The Organisation for Economic Co-operation and Development also warned of China's ballooning corporate debt in its bi-annual economic outlook report released on Tuesday.
"In terms of risk, we believe that internally the biggest risk is the accumulated and fast pace of growth of credit both in terms of shadow banking and the banking system," Alvaro Santos Pereira, director of the country studies branch of the OECD's Economics Department, told reporters.
"I think it's important to intensify efforts to tackle this issue."
China's corporate debt is about 175 percent of GDP, one of the highest in emerging market economies, he said, with state-owned enterprises (SOEs) accounting for around 75 percent of that.
"One of our top recommendations is to remove implicit guarantees to SOEs and other government and public entities," said Margit Molnar, head of the China desk at the OECD's Economics Department.
Such guarantees have enabled SOEs and local government investment vehicles to continue accumulating debt, she said.
Financial risks in China are mounting because of indebted enterprises, growing non-bank activities and enormous overcapacity, the report said.
The OECD's forecast for 2017 is in line with the Chinese government's growth target of around 6.5 percent this year, versus last year's 6.5-7 percent range. The economy grew 6.7 percent in 2016, the slowest pace in 26 years.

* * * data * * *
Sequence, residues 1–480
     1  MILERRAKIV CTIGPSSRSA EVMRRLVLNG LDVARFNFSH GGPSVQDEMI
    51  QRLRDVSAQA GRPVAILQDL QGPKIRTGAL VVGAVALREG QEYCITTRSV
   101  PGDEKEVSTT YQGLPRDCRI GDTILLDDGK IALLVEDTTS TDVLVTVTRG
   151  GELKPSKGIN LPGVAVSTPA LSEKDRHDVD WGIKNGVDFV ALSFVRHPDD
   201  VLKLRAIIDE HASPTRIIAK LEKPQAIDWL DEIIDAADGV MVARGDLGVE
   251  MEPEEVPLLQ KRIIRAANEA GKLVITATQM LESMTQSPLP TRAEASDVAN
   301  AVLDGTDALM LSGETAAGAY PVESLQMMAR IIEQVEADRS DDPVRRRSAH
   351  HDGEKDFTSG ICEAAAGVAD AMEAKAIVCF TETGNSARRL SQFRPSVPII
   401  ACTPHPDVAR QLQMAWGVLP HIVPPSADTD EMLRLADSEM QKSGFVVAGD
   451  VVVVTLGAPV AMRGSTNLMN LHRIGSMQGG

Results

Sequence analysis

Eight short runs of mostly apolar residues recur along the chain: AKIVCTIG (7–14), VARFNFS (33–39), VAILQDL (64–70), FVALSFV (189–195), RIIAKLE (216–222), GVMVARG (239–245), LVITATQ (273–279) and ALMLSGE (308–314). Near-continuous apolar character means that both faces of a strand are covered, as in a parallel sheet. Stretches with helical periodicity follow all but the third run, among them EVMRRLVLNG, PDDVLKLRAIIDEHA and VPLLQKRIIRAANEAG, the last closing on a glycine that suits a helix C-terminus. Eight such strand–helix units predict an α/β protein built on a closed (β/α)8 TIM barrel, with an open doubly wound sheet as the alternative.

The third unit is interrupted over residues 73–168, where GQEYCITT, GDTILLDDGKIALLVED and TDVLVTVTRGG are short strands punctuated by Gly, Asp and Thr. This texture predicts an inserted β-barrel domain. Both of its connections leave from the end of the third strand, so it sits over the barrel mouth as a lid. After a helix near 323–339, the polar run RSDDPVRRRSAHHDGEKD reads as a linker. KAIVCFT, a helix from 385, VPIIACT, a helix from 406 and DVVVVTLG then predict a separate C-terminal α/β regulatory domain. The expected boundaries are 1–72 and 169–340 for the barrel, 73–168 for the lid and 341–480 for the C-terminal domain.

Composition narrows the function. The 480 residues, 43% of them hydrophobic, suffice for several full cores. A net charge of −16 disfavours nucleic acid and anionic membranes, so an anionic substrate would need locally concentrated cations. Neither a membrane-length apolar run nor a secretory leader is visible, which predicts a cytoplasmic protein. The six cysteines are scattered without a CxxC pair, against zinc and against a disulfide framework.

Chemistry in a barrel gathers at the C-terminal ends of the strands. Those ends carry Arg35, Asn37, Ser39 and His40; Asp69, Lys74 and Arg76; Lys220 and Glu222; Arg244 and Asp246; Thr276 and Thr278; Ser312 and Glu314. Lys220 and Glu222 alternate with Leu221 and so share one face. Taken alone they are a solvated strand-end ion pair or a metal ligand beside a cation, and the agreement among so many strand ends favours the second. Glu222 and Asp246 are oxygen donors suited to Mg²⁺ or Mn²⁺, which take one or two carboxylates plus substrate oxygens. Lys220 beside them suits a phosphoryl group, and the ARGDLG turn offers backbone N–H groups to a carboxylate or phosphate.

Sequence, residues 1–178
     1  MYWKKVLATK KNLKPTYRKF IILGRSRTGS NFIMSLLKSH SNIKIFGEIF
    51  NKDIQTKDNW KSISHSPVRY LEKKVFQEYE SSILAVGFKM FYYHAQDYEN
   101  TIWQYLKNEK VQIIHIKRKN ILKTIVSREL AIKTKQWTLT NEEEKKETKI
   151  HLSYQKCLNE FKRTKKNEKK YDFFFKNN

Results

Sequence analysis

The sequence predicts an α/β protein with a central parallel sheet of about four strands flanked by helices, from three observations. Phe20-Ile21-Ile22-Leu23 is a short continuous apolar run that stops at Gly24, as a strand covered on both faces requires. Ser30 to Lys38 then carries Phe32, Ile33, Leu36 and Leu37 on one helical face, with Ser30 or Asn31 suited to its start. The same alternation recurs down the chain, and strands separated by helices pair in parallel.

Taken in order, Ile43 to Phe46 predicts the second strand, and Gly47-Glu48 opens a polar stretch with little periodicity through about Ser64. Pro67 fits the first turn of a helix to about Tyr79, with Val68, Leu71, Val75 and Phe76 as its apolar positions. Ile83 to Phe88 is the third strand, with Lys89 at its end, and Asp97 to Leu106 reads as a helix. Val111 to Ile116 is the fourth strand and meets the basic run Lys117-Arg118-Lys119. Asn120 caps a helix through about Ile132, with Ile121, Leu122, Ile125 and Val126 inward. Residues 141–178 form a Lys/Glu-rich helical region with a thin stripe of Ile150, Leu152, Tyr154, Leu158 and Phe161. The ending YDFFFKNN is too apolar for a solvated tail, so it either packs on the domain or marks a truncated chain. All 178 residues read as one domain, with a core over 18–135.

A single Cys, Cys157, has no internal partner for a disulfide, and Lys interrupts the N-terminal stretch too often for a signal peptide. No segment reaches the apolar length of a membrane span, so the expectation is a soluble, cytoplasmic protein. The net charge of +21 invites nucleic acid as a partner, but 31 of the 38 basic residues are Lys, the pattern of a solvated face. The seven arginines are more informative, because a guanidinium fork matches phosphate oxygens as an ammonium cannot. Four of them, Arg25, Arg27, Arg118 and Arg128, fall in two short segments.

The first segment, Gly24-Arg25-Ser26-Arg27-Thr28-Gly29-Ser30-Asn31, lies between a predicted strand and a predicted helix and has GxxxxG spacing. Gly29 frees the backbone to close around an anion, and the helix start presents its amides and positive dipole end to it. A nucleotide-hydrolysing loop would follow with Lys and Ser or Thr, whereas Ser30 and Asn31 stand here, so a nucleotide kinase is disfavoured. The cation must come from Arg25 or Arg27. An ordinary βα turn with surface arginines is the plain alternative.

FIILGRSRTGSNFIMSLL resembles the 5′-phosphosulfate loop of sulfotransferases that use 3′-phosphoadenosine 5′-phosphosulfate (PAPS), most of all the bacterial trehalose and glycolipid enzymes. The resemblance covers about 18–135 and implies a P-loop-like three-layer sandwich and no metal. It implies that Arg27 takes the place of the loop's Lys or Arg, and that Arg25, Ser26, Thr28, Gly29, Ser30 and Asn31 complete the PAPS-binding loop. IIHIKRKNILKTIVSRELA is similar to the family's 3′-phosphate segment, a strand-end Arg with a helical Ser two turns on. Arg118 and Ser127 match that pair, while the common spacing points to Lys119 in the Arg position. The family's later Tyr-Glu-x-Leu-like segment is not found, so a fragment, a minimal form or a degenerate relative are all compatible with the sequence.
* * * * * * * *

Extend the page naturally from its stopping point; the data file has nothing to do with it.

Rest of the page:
Some analysts believe the more modest target will give policymakers more room to tackle debt risks and push through painful reforms, though authorities are expected to proceed cautiously to avoid hurting growth.
Economic growth remains high "but is gradually and appropriately moderating as the population ages and the economy rebalances from investment to consumption," the report said.
Export volumes are expected to grow 3.4 percent this year and 3.3 percent next year, up from 2.3 percent in 2016, due to increasing global demand.
Import volumes are set to grow 7.7 percent this year and 6.0 percent in 2018, down from 8.6 percent growth in 2016, as imports used to process exports fall.
The world's second-largest economy needs more innovation, entrepreneurship, effective corporate governance and reform of its state-owned sector, the OECD added.
The report did not single out the threat of rising protectionism from the United States but noted that protectionism by some trading partners would hurt Chinese exports.
However, it said China could mitigate this by signing free trade deals with other partners.
"Rising protectionism to the level that some people are talking about - or reversing some of the gains of the last ten, fifteen years - is going to be extremely costly to everyone," Pereira said.
China's rapid economic growth has been accompanied by rising inequality which could be combated by reforming the tax system and the household registration system which limits labor movement, the OECD said.
(Reporting by Sue-Lin Wong; Editing by Kim Coghill)
GLOBALES: OECD sees China growth slowing to 6.5 percent in 2017, 6.3 percent in 2018
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